The changes Cuba experienced following the collapse of the Soviet Union compelled Cuban filmmakers to rethink the values developed after the 1959 Castro revolution. Long-forgotten genres re-emerged, established auteurs incorporated new aesthetics into their films and an influx of foreign capital led to the repackaging of revolutionary ideology into more visually attractive narratives.
Films such as Alice in Wondertown (1991), Strawberry and Chocolate (1993) and Juan of the Dead (2011) stirred controversy, criticized revolutionary discourse and helped establish new models that allowed post-Castro cinema to find global audiences on an unprecedented scale.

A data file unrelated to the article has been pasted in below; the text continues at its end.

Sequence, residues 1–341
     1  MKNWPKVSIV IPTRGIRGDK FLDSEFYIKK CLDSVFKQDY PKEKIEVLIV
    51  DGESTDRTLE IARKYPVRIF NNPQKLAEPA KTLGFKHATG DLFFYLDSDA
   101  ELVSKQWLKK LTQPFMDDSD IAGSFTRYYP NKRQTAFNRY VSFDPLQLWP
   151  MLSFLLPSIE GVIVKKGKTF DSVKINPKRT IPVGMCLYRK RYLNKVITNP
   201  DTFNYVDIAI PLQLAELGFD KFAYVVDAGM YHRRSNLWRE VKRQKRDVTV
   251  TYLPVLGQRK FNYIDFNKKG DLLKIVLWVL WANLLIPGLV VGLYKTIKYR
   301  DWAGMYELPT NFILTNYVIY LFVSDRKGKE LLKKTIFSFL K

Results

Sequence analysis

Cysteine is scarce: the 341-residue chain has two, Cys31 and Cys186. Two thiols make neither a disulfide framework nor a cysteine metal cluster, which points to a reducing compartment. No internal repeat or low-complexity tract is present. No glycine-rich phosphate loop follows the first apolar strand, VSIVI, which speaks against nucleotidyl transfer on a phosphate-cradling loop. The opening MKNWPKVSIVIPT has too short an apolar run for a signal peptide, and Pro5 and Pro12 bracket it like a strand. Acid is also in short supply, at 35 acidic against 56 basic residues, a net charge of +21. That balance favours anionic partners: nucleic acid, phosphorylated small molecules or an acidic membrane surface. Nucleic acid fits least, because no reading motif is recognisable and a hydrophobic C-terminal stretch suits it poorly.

This book offers a detailed analysis of key post-Cold War Cuban films. Recurrent sociopolitical tropes are examined to reveal how Cuban cinema reflects the turbulent changes in the island.
Cuban Cinema after the Cold War
McFarland & Company, Incorporated Publishers
A Critical Analysis of Selected Films